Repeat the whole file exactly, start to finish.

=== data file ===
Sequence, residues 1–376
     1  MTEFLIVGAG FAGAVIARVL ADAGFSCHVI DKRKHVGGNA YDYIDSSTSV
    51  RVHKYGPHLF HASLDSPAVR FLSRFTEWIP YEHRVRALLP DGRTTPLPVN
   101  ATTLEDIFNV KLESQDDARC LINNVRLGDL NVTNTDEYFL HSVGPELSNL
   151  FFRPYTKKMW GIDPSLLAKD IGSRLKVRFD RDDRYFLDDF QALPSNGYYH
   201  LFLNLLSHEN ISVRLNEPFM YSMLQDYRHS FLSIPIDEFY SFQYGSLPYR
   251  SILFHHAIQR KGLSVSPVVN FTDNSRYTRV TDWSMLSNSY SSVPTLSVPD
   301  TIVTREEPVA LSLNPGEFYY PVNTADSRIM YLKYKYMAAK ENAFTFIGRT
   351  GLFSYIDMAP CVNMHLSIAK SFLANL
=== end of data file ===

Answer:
Sequence, residues 1–376
     1  MTEFLIVGAG FAGAVIARVL ADAGFSCHVI DKRKHVGGNA YDYIDSSTSV
    51  RVHKYGPHLF HASLDSPAVR FLSRFTEWIP YEHRVRALLP DGRTTPLPVN
   101  ATTLEDIFNV KLESQDDARC LINNVRLGDL NVTNTDEYFL HSVGPELSNL
   151  FFRPYTKKMW GIDPSLLAKD IGSRLKVRFD RDDRYFLDDF QALPSNGYYH
   201  LFLNLLSHEN ISVRLNEPFM YSMLQDYRHS FLSIPIDEFY SFQYGSLPYR
   251  SILFHHAIQR KGLSVSPVVN FTDNSRYTRV TDWSMLSNSY SSVPTLSVPD
   301  TIVTREEPVA LSLNPGEFYY PVNTADSRIM YLKYKYMAAK ENAFTFIGRT
   351  GLFSYIDMAP CVNMHLSIAK SFLANL